Abellio loses ScotRail franchise in UK

The Dutch-owned train operator is to be ousted from its franchise contract in Scotland. It will be removed at the first break clause, in March 2022, said Transport Minister Michael Matheson in a statement to Scottish Parliament on Wednesday, 18 December.

Just days after the launch of a new timetable and the opening of a new station in Glasgow, Abellio has reached the end of the line in Scotland. The operator, which has been managing almost all services on the Scottish network of over 350 stations since 1 April 2015, had the signals turn red at this afternoon’s session at Holyrood in Edinburgh. The news comes ahead of a UK-wide report, which is expected to call into question the viability of the entire franchise system of management for the railway network in Britain.

The Transport Minister Michael Matheson, representing the ruling Scottish National Party, was unapologetic in his statement. “We are not satisfied that the significant increase in public subsidy that would otherwise be required would generate commensurate benefits for passengers, communities, and the economy. I have today issued a notice to inform Abellio Scotrail of the decision. Therefore the current franchise agreement is expected to come to an end in March 2022.”

Unpunctuality & overcrowding

Opposition parties in the Scottish parliament reacted, some with anger at the ruling SNP. The socialist aligned Labour Party, who campaigned at the recent UK General Election for the nationalisation of the railway, was foremost among them. Their transport spokesman at Holyrood, Colin Smith, was furious that the Scottish Government had not acted sooner. “Abellio failed to meet the basic contractual requirements. They’ve breached the franchise on punctuality, cancellations and passenger satisfaction, and they have let down the hard-working ScotRail staff.”

The railway development lobby reacted around the country. In the south of Scotland, the Campaign for Borders Rail, which is working towards a new cross-border line to England, said that the franchise holder had been warned. Vice-chair Marion Short said: “Severe overcrowding on many parts of the network has brought fury from passengers all over Scotland, and has been very acutely felt in the Scottish Borders. Factors such as staff shortages and late delivery of rolling stock have crippled the reliability of services. The First Minister of Scotland said earlier this year that Abellio was in the last chance saloon, and today her Transport Minister has finally called time.”

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ScotRail staff, source: ScotRail


A robust Alex Hynes, the Managing Director of Abellio Scotrail, said that it was, however, business as usual from a railway point of view. The nature of the business was that he would continue to roll out the planned programme of works already in the pipeline. These have recently included infrastructure and service improvements around Aberdeen in the northeast of Scotland, and new electric rolling stock for Central Scotland. When asked in a radio interview if there was any likelihood of Abellio bidding for any other franchise operations it the UK, he was tight-lipped, and merely said he expected to work in the industry for the rest of his career. Abellio for its part has shown no lack of appetite, and only recently took on the East Midlands franchise in England.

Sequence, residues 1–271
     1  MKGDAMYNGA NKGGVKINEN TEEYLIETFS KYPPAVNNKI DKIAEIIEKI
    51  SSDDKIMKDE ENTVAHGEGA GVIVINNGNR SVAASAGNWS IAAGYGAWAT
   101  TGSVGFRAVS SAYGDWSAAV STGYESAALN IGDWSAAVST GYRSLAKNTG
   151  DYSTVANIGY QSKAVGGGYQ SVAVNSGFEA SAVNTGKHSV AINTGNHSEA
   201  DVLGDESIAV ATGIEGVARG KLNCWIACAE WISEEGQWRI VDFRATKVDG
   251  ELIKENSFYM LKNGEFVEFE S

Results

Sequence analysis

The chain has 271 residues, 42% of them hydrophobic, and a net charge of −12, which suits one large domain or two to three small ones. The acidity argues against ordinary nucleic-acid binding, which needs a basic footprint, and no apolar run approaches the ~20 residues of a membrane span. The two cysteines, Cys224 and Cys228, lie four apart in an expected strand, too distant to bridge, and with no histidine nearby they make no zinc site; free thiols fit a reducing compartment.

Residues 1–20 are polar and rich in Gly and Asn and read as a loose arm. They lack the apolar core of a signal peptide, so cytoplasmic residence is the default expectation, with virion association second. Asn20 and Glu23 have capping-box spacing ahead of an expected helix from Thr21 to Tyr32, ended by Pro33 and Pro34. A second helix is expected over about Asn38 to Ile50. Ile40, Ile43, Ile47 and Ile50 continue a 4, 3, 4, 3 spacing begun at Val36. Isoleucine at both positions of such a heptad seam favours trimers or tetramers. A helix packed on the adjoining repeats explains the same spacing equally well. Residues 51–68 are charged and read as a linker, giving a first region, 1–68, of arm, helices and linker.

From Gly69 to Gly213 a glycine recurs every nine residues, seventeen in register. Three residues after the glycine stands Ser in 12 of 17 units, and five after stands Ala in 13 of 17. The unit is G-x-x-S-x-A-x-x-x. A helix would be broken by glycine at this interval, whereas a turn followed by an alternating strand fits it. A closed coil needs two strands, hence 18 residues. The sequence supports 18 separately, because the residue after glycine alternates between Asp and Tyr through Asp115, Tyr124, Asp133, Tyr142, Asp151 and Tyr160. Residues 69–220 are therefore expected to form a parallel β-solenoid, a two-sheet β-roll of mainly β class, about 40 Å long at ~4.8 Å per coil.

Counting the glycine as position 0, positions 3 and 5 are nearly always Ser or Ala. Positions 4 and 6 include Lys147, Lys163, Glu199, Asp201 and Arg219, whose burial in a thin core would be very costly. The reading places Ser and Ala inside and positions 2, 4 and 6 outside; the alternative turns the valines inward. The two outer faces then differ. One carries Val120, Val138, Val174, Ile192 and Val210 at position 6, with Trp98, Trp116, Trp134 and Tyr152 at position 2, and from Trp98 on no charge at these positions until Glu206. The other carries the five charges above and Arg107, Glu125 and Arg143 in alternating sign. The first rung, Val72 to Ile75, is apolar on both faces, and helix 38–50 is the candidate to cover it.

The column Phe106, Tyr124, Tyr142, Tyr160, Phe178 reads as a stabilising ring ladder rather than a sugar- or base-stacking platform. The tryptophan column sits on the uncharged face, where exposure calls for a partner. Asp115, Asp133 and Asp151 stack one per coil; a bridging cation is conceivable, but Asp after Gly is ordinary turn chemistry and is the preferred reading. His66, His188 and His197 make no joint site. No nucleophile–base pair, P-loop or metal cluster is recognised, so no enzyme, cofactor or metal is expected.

Legal challenge

The story led the news in Scotland. The BBC’s Economic Correspondent Douglas Fraser said that there had been severe problems on many parts of the network and, while the Transport Minister did not specifically blame Abellio, he took the legally open route to end the contract at the earliest opportunity. Mr Fraser also pointed out that the Scottish Government had acted just ahead of the Williams Report – a review of the entire UK railway franchise model, which may well call for radical changes to the management of the railways.

By the following procedure, the Transport Minister did not open the Government to a legal challenge, but his words left some speculation that the franchise may be handed back to the government early. That’s not without president, as the East Coast franchise, principally serving Edinburgh and London, has failed on several occasions, and required the UK government to step in. There is speculation in Scotland that a public sector bidder could already be lined up to take over the operation of ScotRail.

Whether the Scottish Government finds itself to be taking back the ceremonial whistle in March 2022, or much sooner, remains to be seen. The only certainty is that the buffers are fast approaching for Abellio in Scotland, and their train is terminating early due to the wrong kind of ministerial announcement on the line.

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Author: Simon Walton

Simon Walton is UK correspondent for RailTech.com and Railfreight.com

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